Inciting Unrest in Venezuela
Inciting Unrest in Venezuela
by Stephen Lendman
Last month, Duke University’s Patrick Duddy published a Council on Foreign Relations (CFR) paper titled “Political Unrest in Venezuela.”
From August 2007 - July 2010, he was Washington’s Venezuelan ambassador. He represents imperial, not popular interests.
In September 2008, Venezuela declared him persona non grata. At issue were solidarity issues with Bolivia.
The State Department expelled its US ambassador Gustavo Guzman. It acted after Evo Morales banished Washington’s ambassador Philip Goldberg. He did so for good reason. Goldberg “conspir(ed) against democracy” and encouraged internal disruptions.
In June 2009, Duddy’s persona non grata status was rescinded. He returned as ambassador. He remained so for another year. He’s a career Foreign Service official. He’s held various Latin American posts. In all of them, he was up to no good.
His paper was provocative and perhaps suggestive of what’s planned. America wants Chavez ousted. It’s longstanding policy. It wants oligarch control restored and US regional influence strengthened.
Both countries have been without ambassadors since Duddy left. Obama nominated Larry Palmer to replace him. Following hostile comments he made at his Senate confirmation hearing, Chavez rejected him, saying:
“Obama, how do you expect me to accept this gentleman as ambassador? He disqualified himself. He cannot come as ambassador.”
In response, Washington dispatched Venezuelan US ambassador Bernardo Alvarez Herrera.
Throughout most of his tenure since February 1999, Washington/Venezuelan relations remained tense, uneasy, and hostile. In May 2011, sanctions were imposed on state-owned oil company PDVSA. Companies elsewhere were also affected. At issue was doing business with Iran.
Under provisions of the July 2010 Comprehensive Iran Sanctions, Accountability, and Divestment Act, PDVSA is barred from US government contracts, export financing, and export licenses for sensitive technology.
Oil sales weren’t affected. Nor were operations of PDVSA’s US CITGO subsidiary. America needs Venezuelan oil. Sanctions served only to highlight America’s anti-Bolivarian hostility. Company operations weren’t impeded.
Chavez believes disruptive tactics may precede and/or follow October 7 electoral results. Polls show he’s overwhelmingly favored to win. Nothing short of coup d’etat tactics can stop him. Don’t bet they’re not planned.
According to Duddy, “Venezuela could experience significant political unrest and violence that lead to the further curtailment of democracy in the country.”
He’s right, but only if Washington instigates it. Maybe he knows something we don’t.
He claims opposition candidate Henrique Capriles Radonski closely challenges Chavez. It’s not even close, so why is he saying it? He and similar media propaganda may be prelude to planned trouble.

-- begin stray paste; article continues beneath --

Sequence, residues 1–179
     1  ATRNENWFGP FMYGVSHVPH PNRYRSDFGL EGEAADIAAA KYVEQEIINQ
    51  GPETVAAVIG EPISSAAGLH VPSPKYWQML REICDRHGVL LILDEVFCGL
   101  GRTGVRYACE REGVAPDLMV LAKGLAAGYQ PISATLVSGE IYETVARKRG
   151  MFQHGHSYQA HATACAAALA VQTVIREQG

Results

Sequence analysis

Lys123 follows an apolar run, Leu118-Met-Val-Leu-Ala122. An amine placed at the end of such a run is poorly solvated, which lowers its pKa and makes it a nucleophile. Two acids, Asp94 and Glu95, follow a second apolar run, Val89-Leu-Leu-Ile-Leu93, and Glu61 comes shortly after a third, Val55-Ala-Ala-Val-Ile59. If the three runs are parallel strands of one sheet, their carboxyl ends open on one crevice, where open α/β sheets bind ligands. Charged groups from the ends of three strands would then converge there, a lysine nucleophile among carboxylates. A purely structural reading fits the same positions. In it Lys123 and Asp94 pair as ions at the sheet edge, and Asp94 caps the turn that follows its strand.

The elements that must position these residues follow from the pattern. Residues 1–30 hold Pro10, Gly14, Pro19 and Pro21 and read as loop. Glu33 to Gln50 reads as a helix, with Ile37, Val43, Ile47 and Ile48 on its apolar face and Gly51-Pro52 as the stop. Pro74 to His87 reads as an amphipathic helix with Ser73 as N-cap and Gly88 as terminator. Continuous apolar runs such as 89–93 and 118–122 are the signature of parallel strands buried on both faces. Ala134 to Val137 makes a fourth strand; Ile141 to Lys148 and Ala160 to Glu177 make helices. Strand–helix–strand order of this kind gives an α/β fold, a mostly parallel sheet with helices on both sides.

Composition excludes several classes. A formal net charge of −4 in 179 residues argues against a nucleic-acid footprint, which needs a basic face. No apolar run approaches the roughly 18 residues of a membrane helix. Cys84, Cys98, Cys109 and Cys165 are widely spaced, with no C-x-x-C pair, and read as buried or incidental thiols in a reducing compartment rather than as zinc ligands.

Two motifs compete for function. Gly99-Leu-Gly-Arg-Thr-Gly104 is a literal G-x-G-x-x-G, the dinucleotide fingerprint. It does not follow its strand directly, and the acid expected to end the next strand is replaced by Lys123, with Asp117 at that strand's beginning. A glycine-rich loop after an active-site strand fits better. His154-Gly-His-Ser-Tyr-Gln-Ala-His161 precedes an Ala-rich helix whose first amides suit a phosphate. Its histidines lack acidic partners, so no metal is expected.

“(T)ensions are likely to rise….if (people suspect) Chavez has used extra-constitutional means to preclude or invalidate an opposition victory” to sustain his grip on power.
Venezuela’s elections are closely monitored. Independent observers agree. The process is open, free and fair. It may be the best anywhere. It shames US electoral politics. Last month, Jimmy Carter said “the election process in Venezuela is the best in the world.”
Duddy knows but suggested otherwise. His paper was propaganda, not analysis. He stressed protests are likely. They “could turn violent,” he said. “Martial law” could be imposed. Democratic rights would be “further” curtailed. A “major political crisis” would erupt.
“Longstanding U.S. efforts to promote good governance in Latin America as well as cooperation on a range of political, economic, and security challenges in the region would be threatened as a consequence.”
Washington abhors democratic values and “good governance” everywhere, notably at home. It wants regimes installed it controls.
It’s been trying to oust Chavez for years. It can’t bear the thought of him in power another six years. Anything may be planned to prevent it.
Chavez knows. Hopefully he’s prepared. Post-election, Duddy suggested Washington may cry foul and demand legitimate restoration of good government. Economic and political ties may be suspended.
Every time an election or referendum was held, Chavez said their results would be respected. He didn’t just say it. He meant and observed it. Duddy claimed Chavistas may cause trouble if Capriles wins. Chances, of course, are virtually nil.
Nonetheless, Duddy suggested “plausible” violence provoking scenarios:
It could erupt pre-election if Capriles looks likely to win or final results show it.
Chavez “plausibly” claims victory, then dies or leaves office for health reasons.
Capriles wins and is inaugurated. PDVSA oil workers walk out. Chavistas throughout the country resist pro-business initiatives and/or jettisoning “moribund Chavista projects.”
Final results are too close to call or “unacceptable to the government.”
A state of emergency could be imposed. It could last 90 days and be renewed. “The great unanswered question is how the government will react if it appears Chavez has lost. Unrest and violence” might follow.
Civil liberties could be suspended. Electoral results might be invalidated. “A preemptive move by the military” can’t be ruled out.
Provocations are possible. Violence surges. “Basic food items disappear.” Corporate media are closed “and/or prominent journalists are detained.” Duddy called them “independent” ones “critical of the government.”
Perhaps internal “Chavismo” divisions will erupt. Maybe a “senior political” official or Capriles figure is assassinated.